Largest hospital in rebel-held Aleppo hit by barrel bombs

Bombardment causing a ‘bloodbath’ says Medecins Sans Frontieres

Harriet Agerholm
Saturday 01 October 2016 18:33 BST
People walk on the rubble of damaged buildings in the rebel held area of al-Kalaseh in Aleppo on 29 September
People walk on the rubble of damaged buildings in the rebel held area of al-Kalaseh in Aleppo on 29 September (Reuters)

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Doctors in Aleppo are “ready to die”, a medical charity official has said after the largest hospital in the rebel-held area of the Syrian city was destroyed by multiple air strikes.

The attack on the trauma centre comes amid a sustained assault by pro-Assad forces backed by Russian warplanes.

Air strikes across the eastern part of the city overnight killed 30 civilians, activists told al-Jazeera, and the attacks continued throughout the day.

The medical charity, Medecins Sans Frontieres (MSF), said there had been a “bloodbath” in the city.

The largest hospital in the Aleppo, codenamed M10, was hit by two devastating barrel bombs – improvised weapons that are cheap to make – rendering the area’s biggest medical facility completely out of use.

At least one rocket and two cluster bombs also hit the hospital, according to the Syrian American Medical Society.

Two patients in the hospital were reportedly killed and 13 more injured in the attack and a number of people were believed to be trapped.

It was not immediately clear who was responsible for the attacks, but hospital facilities have been plagued by bombing by forces loyal to the Syrian government in recent weeks.

Pablo Marco Blanco, operations manager at MSF, told The Independent the loss of the M10 hospital was significant.

“There is only one hospital left in East Aleppo that has substantial capacity – this is what we are most worried about now,” he said.

Speaking about morale of the doctors to whom he had spoken, he said: “Most of them are ready to die.

“They are aware of this [the dangers] and they are willing to stay there until the end.”

The fighting has intensified after a US-Russian brokered ceasefire collapsed and diplomatic efforts came to a halt.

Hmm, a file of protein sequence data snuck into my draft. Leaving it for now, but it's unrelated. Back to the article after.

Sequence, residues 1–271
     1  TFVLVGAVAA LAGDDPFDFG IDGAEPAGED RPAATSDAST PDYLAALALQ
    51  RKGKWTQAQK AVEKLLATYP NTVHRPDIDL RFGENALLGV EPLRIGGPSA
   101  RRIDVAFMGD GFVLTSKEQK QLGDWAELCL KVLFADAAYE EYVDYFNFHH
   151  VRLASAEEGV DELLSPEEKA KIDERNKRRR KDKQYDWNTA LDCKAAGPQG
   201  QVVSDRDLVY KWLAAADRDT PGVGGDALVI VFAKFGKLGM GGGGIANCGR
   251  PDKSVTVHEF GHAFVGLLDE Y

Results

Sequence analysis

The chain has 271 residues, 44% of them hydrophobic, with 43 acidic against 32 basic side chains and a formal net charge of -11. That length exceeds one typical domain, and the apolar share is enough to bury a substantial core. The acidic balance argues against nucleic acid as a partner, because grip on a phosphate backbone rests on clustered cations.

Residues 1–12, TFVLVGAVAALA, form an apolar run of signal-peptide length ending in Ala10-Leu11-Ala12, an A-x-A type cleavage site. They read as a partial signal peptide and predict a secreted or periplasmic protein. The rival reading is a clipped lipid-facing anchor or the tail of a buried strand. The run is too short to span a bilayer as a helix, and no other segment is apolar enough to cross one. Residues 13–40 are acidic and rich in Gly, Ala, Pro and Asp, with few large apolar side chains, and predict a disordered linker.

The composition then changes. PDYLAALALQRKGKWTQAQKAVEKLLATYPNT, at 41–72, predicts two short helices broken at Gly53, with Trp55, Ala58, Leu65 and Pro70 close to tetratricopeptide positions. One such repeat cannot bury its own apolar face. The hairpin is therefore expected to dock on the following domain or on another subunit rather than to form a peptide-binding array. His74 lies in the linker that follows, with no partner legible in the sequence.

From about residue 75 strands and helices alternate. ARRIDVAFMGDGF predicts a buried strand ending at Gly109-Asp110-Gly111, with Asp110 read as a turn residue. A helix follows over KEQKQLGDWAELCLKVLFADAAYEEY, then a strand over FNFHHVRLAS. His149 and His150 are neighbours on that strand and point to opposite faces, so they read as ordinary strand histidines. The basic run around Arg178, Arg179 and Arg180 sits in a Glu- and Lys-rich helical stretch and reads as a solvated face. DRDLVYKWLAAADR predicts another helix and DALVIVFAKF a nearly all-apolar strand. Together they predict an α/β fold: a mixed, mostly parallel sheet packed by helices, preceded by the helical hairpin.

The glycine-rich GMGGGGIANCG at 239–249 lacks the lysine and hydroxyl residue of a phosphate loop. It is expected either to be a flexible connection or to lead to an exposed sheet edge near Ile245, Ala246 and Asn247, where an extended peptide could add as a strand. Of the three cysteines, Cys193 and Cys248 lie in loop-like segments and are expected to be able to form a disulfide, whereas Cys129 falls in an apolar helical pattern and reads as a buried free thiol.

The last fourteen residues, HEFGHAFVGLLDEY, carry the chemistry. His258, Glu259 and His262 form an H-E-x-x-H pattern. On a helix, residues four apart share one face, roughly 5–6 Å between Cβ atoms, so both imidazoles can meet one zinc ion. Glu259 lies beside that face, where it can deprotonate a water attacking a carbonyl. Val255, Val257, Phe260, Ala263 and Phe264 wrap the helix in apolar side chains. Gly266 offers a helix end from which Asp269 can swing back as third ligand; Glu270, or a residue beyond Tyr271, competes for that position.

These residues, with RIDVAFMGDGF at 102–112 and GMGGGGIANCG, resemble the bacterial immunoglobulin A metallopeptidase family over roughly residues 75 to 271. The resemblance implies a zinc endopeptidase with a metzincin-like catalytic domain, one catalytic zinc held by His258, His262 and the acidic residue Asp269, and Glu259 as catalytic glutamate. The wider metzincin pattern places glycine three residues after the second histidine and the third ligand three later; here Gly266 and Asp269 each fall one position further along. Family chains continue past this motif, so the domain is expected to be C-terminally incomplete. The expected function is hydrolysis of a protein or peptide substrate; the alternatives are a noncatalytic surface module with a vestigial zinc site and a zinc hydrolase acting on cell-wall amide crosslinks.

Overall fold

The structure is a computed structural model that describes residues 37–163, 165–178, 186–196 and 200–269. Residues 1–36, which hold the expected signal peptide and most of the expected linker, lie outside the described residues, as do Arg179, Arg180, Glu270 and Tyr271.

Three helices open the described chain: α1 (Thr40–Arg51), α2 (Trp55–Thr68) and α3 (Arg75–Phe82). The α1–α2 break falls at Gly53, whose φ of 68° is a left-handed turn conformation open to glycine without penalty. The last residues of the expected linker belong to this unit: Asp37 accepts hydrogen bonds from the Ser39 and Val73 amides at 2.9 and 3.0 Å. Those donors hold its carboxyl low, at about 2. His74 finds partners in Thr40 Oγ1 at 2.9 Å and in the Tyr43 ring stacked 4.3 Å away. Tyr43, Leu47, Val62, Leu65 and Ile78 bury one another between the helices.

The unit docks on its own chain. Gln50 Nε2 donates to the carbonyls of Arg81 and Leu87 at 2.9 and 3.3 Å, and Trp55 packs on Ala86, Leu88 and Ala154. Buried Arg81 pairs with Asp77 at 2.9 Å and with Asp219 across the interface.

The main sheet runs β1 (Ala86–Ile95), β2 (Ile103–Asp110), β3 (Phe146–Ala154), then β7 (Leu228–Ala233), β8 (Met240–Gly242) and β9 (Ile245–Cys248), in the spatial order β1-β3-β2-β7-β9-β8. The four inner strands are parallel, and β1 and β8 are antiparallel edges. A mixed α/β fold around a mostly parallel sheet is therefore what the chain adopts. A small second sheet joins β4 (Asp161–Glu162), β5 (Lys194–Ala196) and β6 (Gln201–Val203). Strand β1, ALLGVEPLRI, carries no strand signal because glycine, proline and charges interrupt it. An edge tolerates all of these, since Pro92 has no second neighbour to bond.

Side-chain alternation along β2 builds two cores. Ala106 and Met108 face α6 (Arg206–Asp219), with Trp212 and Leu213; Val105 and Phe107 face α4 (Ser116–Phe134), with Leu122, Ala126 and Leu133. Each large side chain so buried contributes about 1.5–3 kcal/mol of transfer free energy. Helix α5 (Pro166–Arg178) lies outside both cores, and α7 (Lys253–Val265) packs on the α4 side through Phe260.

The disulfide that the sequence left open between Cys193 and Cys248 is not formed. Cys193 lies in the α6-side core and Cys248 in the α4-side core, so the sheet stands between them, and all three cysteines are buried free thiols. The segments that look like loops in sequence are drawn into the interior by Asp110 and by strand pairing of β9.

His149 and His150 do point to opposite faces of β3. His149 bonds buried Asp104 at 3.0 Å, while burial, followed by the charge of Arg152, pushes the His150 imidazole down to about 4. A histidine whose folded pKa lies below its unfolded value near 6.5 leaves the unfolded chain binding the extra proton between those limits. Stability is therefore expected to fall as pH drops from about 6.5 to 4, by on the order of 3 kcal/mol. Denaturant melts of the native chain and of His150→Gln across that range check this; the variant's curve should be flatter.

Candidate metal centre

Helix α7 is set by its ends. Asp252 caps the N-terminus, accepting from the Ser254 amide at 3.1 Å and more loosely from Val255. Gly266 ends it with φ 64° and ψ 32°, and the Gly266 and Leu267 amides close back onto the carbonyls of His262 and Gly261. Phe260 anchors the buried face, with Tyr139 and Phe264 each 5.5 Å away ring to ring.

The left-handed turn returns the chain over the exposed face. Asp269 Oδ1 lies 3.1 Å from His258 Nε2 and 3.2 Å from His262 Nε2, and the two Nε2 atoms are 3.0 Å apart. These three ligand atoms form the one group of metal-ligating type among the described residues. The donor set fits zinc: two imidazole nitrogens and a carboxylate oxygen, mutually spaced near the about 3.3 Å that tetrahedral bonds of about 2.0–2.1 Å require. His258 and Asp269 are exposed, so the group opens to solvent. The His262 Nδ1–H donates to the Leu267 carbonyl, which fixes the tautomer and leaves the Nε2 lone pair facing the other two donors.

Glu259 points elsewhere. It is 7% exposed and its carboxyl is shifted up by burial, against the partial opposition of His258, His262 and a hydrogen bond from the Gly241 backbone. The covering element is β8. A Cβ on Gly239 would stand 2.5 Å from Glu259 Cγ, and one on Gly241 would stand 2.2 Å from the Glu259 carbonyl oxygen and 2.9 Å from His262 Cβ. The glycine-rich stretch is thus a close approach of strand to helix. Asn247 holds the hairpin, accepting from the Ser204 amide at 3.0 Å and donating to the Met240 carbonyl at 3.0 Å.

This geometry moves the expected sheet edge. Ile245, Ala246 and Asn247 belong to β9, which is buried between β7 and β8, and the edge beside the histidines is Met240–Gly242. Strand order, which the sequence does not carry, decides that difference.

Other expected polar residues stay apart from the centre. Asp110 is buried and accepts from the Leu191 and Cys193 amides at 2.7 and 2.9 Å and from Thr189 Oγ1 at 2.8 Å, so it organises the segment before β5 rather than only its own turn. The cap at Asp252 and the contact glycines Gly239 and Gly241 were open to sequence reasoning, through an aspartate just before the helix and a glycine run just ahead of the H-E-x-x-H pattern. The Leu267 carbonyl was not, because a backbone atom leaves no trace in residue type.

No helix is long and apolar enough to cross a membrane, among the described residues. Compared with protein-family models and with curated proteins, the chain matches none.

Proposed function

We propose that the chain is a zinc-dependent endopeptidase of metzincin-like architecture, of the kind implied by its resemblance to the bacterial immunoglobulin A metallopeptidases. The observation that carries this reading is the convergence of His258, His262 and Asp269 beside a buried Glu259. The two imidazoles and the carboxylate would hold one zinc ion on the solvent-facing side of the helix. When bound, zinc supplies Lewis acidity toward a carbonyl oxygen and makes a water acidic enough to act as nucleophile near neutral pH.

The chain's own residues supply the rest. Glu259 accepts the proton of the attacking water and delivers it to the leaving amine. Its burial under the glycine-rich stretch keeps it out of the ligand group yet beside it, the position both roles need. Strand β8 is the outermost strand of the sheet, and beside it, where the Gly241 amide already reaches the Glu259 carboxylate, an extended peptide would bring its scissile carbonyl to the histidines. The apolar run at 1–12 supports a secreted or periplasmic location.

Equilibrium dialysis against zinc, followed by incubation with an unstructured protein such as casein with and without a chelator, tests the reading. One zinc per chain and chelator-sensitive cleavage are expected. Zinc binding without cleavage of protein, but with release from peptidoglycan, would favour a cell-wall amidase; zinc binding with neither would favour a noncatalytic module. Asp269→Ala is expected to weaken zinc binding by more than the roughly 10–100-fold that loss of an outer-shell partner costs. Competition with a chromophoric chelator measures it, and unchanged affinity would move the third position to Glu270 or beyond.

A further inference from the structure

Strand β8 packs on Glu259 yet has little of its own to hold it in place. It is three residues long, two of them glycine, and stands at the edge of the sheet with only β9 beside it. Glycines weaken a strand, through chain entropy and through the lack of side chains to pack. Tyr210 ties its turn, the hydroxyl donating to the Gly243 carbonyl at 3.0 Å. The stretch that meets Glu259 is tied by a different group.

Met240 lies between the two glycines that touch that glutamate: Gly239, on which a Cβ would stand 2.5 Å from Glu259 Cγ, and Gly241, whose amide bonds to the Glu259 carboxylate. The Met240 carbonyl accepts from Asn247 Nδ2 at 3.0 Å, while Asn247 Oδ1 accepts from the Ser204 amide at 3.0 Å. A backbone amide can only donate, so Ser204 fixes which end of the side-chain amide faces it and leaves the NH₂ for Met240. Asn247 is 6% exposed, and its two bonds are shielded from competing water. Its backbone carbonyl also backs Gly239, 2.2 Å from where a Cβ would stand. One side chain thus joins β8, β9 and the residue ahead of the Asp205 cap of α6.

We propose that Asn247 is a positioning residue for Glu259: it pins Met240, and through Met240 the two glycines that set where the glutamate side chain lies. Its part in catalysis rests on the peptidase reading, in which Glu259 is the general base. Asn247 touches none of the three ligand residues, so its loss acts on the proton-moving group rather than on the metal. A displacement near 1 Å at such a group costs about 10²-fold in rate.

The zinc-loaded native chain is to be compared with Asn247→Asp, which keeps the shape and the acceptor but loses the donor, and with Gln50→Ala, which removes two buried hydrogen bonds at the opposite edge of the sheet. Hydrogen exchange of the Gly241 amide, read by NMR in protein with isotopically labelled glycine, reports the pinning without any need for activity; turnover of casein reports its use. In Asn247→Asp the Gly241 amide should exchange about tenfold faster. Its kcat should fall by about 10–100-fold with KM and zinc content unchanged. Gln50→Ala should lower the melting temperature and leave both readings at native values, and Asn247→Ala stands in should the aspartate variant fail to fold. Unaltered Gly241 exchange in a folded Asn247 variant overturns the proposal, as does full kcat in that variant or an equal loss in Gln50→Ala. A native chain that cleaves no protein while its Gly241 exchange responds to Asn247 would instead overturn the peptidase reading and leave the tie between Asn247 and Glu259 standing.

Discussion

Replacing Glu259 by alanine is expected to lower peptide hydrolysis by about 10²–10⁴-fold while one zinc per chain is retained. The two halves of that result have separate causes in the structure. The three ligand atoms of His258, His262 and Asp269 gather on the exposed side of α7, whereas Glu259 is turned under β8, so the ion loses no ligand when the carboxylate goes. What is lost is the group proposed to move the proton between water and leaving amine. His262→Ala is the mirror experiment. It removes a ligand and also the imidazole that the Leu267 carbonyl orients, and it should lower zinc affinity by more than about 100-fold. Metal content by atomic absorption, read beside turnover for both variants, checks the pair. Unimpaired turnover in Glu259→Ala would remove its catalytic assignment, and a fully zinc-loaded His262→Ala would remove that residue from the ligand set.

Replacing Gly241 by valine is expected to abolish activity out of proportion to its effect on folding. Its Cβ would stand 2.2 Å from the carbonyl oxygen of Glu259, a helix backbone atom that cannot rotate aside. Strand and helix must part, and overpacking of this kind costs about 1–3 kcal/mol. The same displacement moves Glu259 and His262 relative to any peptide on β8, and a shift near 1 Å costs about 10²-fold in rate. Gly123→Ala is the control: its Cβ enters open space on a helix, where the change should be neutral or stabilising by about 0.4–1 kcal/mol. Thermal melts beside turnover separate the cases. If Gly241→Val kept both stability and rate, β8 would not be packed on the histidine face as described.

Describing the attack on M10, Adham Sahloul, of the Syrian American Medical Society, told news website TRT World: “There were direct hits to the hospital.

“There were two barrel bombs, reportedly two cluster bombs and at least one rocket of some sort that hit the hospital directly.

“It created immense damage to the facility, destroyed all the windows. It rattled all the staff and the patients there.

“As of now there’s no idea as to when it can be brought back into operation. The facility is extremely damaged.”

Mr Sahloul said a group of patients and doctors “were inside the hospital for basic triage, bandaging, and cleaning services for emergency cases” when the bombing started and had been trapped in the wreckage.

Hospital administrator and radiologist Mohammad Abu Rajab made an emergency call for help on Saturday morning from inside the M10 hospital.

“The hospital is being destroyed! SOS, everyone!” he said in an audio message given to journalists.

The M10 hospital was also attacked on Wednesday, along with another called M2. Codenames are used in an attempt to keep their locations secret because of the threat of attack.

The Syrian Observatory for Human Rights said air strikes also hit a smaller field hospital in the Sakhur neighbourhood of Aleppo on Saturday.

“One person was killed and the field hospital is out of service,” observatory head Rami Abdel Rahman told AFP.

The besieged old quarter of Aleppo was bombed heavily by Russian war planes during the attacks.

Air strikes concentrated on supply lines to rebel-held areas such as the Castello Road and Malah district, Reuters reported. Fighting also raged in the Suleiman al-Halabi neighbourhood.

France has condemned the latest attack on the M10 hospital as a war crime and said the “perpetrators will be held accountable”.

Rights groups have said the hospital attacks are part of a deliberate strategy to target civilian infrastructure and therefore constitute war crimes.

The recent surge in attacks in Aleppo by forces loyal to President Bashar al-Assad have been among the most deadly in the country’s five-year civil war.

A traumatized toddler clings onto a nurse at a SAMS hospital in Aleppo

A video posted on social media on Friday showed a traumatised toddler holding onto a nurse following an air strike in Aleppo.

On Wednesday the US Secretary of State, John Kerry, said Washington would no longer negotiate with Moscow – key allies of the Syrian regime – if it did not stop the bombardment.

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